When considering health IT at St. Barnabas Health System, the fifth largest healthcare system in the state of New...
York, "one size does not fit all," according to Jitendra Barmecha, senior vice president and CIO.
"We have a little bit different approach on the technology because of so many different groups of providers and organizations," Barmecha said in reference to population health management initiatives. This means that no one technology works for everyone.
St. Barnabas, which manages over 385,000 patients and over 220 healthcare organizations with 5,000 providers, manages not only a patient population but it also has an insurance program called Health First, Barmecha explained.
St. Barnabas is also participating in a New York state program called Delivery System Reform Incentive Payment (DSRIP) Program. The goal of this program is to reinvest in the Medicaid program with the primary goal of reducing avoidable hospital admissions by 25% over a five-year period.
Multiple population health management tools needed
Barmecha explained that population health requires more than one technology and while many people initially connect population health with claims, he emphasized that provider management is also an important aspect and needs to be included. Ultimately, this requires various population health management tools.
St. Barnabas is using a mixture of health information exchange (HIE) technology, customer relationship management (CRM) technology, and data analytics to run a successful population health management program and achieve the goal set out by the DSRIP Program.
Barmecha explained the various technologies at play:
Clinical platform: St. Barnabas is using Allscripts' clinical platform called Sunrise Clinical Manager. "All our ambulatory care networks have this same database as we have for inpatient and emergency room," Barmecha said. "It's a single database, same EMR for ambulatory care including our very large behavioral health, substance abuse [information] and our inpatient."
CRM: To engage the various organizations and providers that are part of St. Barnabas, "we needed a customer relationship management tool to house all their credential information, [and] performance metrics," he said. St. Barnabas is using Salesforce's CRM platform.
HIE and data analytics: St. Barnabas is leveraging its regional HIE, Bronx RHIO. "Several of our member organizations and providers are already inputting clinical data and they have received claims data from Medicaid as well as part of the pilot program," Barmecha said. "A majority of our analytics is being performed from Bronx RHIO as well."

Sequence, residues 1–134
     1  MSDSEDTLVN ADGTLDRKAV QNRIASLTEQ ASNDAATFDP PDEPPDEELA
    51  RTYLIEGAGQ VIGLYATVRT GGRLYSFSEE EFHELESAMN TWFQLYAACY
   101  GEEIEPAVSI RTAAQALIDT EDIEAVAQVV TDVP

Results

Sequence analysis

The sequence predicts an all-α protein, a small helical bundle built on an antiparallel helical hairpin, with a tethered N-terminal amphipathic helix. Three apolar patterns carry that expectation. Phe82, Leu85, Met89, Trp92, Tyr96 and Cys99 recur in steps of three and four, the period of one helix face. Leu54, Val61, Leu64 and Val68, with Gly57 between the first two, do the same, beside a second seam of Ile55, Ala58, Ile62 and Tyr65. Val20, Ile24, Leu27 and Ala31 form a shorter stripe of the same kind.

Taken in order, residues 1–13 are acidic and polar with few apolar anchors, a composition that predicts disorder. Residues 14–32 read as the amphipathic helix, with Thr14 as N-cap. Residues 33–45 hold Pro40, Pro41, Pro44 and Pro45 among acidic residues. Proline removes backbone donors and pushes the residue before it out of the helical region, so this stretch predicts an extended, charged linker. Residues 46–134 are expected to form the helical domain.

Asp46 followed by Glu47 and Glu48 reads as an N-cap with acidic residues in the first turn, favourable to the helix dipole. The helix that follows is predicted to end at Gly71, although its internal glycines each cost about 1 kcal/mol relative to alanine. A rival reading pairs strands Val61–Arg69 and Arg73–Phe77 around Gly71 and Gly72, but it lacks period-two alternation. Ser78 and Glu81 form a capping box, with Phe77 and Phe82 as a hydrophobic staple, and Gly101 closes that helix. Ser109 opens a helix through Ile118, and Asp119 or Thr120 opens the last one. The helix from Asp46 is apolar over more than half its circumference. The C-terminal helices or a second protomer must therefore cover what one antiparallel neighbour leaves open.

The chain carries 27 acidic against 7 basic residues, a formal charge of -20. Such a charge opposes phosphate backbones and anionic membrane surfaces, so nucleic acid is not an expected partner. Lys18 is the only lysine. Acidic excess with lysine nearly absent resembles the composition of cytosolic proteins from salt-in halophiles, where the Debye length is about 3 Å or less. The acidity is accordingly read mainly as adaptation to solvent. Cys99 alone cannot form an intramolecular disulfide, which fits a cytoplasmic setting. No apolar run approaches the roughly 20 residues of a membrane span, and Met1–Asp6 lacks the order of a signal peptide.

Tech important to population health, MACRA
Barmecha said these technologies are important to population health for two reasons: managing day-to-day operations whether providers or patients, and seeing the outcomes.
Because St. Barnabas is participating in the DSRIP Program, it has very specific goals.
Jitendra Barmechasenior vice president and CIO at St. Barnabas Health System
"The objectives are to reduce preventable admissions, preventable readmissions and ED utilization by 25% during this five-year period and in order to achieve those goals or objectives these technologies or the workflow or the processes and the people, I believe … are [all] equally important," Barmecha said.
He added that all these technologies are not only important to achieving a successful population health management strategy, but also to fulfilling the Medicare Access and CHIP Reauthorization Act of 2015 (MACRA) requirements which focus more on the provider side of healthcare. That's why having population health management tools to manage provider credentialing and maintain the database is important, Barmecha said.
"Although this is the first year for MACRA in terms of reporting … all these tools will definitely augment or help or assist our MACRA or MIPS strategy as we move forward," he said.
St. Barnabas experiencing benefits from this tech
Barmecha said St. Barnabas has experienced a few benefits since implementing these various population health tools.
One benefit was connecting providers within the St. Barnabas health system who had never talked to one another before.
"Through this, I would say, transformative process now we are connecting dots [and providers] so that it is very patient-centric transformational healthcare delivery," he said.
In addition, Barmecha said St. Barnabas has already seen a decline in volume of inpatient admissions.
"Not only in our health system but regionally," he said. "Because of the appropriate care coordination and care management we have moved [the] needle to decrease those inpatient admissions or preventable admissions."
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